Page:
HANOVER, N.H. -- Sledgehammer-wielding Dartmouth College students, saying they want to restore 'pride and sparkle' to their campus green, today smashed shanties built to protest living conditions under apartheid in South Africa.
Police Capt. William Moore said 12 Dartmouth students with sledgehammers and a crowbar began destroying the scrap-wood shanties shortly before 3 a.m. He said they dismantled three of the four shanties.
Two female apartheid protesters were inside one of the shanties but were not injured, Moore said, although they claimed the vandals verbally threatened them. The 12 students were taken to campus police headquarters but no immediate charges were filed, he said.
A spokeswoman for the Dartmouth Committee to Beautify the Green Before Winter Carnival claimed responsibility for the attack.
'The members of this committee are not trying to stifle debate on campus,' said spokeswoman Debbie Stone, a junior from Keene. 'We are merely picking trash up off the green and restoring pride and sparkle to the college we love so much.
'It (the group) does not believe that the structures on the green constitute an allowable protest,' she said.
The four shanties were moved in early January to the back of the campus green to make room for a large ice sculpture for the upcoming 76th winter carnival, which begins Feb. 6.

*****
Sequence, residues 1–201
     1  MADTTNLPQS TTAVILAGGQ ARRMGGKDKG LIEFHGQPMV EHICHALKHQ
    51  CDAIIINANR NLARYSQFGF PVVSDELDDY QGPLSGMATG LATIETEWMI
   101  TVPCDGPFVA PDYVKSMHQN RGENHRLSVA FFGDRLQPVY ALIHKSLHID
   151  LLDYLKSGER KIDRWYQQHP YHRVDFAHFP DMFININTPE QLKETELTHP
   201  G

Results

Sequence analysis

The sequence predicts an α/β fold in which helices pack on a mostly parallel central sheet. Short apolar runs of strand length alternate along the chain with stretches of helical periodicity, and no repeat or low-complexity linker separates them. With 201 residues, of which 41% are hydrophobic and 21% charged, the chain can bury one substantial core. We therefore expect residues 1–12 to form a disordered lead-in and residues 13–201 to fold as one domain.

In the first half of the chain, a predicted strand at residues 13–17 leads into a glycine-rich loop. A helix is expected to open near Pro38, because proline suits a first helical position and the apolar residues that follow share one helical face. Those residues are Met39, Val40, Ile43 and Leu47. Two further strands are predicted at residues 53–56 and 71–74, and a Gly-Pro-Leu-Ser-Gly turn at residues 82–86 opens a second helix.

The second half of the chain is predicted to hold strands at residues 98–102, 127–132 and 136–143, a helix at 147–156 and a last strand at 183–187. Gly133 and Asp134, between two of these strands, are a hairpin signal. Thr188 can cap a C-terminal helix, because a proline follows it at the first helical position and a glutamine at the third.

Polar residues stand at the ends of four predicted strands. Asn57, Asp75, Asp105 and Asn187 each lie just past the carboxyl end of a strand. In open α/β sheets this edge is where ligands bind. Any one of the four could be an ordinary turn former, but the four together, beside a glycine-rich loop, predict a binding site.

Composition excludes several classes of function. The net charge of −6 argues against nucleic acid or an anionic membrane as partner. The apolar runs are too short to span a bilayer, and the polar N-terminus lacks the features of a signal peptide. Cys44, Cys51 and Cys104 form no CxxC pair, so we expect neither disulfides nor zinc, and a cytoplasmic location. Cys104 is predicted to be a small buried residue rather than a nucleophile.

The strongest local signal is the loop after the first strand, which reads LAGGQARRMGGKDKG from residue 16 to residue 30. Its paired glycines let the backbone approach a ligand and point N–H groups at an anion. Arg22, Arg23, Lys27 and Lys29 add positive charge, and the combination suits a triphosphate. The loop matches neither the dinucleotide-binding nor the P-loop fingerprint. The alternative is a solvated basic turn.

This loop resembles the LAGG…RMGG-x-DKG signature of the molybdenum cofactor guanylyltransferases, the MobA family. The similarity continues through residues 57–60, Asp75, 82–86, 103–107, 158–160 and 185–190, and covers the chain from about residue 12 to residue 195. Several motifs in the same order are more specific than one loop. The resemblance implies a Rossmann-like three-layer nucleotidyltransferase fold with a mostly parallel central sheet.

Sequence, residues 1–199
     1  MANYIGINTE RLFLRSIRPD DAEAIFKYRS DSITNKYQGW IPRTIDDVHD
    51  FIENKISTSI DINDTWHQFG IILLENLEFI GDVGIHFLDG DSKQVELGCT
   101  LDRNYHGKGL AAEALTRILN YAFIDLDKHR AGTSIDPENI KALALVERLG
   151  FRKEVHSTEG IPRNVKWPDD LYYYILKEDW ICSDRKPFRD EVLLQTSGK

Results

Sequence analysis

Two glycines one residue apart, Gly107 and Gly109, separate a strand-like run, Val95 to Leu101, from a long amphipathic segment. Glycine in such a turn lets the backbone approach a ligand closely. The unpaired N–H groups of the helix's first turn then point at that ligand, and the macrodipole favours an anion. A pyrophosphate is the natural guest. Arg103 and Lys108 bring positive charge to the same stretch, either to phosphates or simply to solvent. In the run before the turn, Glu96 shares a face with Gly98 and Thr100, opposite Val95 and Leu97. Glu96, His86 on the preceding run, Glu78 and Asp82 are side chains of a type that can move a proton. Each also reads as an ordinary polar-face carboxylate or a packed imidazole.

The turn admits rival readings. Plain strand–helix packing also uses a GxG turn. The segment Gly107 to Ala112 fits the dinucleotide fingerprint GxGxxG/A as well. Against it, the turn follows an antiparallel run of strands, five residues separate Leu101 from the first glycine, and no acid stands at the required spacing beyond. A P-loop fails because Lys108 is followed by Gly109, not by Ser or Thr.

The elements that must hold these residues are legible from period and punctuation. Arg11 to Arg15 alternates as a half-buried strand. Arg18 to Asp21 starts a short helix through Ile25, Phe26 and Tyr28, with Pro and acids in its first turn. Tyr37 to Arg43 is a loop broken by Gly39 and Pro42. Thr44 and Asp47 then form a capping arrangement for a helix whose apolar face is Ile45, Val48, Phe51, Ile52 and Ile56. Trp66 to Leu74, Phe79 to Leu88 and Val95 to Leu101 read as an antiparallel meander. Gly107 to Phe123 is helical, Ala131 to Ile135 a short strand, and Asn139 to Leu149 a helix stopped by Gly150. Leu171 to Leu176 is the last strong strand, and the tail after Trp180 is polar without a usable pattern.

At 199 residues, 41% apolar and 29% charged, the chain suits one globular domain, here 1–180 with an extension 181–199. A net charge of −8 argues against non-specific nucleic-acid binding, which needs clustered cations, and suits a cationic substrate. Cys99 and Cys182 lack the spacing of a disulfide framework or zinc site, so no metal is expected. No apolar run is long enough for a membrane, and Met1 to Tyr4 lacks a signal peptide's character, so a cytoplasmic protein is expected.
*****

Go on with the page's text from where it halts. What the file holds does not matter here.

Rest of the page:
She said the group wanted to donate the scrap wood to charities in the Upper Connecticut River Valley area for fuel for heating stoves.
College spokesman Rick Adams said authorities were investigating the incident but no charges were being contemplated.
A spokesman for the Dartmouth Committee for Divestment, which built the shanties last fall to protest the college's investments in firms linked to South Africa, said three of the four shanties were badly damaged.
Spokesman Will Horter said he was shocked the attack occurred the night after the nation celebrated the birth of Martin Luther King Jr., who dedicated his life to improving the plight of blacks and other victims of oppression.
'This is just unbelievable,' Horter said. 'These people must have been racist to have done this on Martin Luther King's birthday.'
'That's absolutely unfounded and ridiculous' said Stone. 'This has nothing to do with our political views.'
Stone said the carnival committee was formed Jan. 17 and was partly a project of the conservative Dartmouth Review newspaper. She said the group 'firmly believes in everyone's right to free speech.'
She also denied that a member of the committee verbally threatened the two anti-apartheid protesters sleeping in one of the shanties. 'One member peeked in and sort of said, 'Hi,'' she said.
Stone said the group rented a truck to haul away the wood. She said the group chose to move at night because memberes did not want to spark any 'fistfights' between the two groups or endanger any other students.
Protesters built the shanties last fall to symbolize the living conditions of blacks in South Africa and help force the administration into divesting holdings in firms linked to the racially divided nation.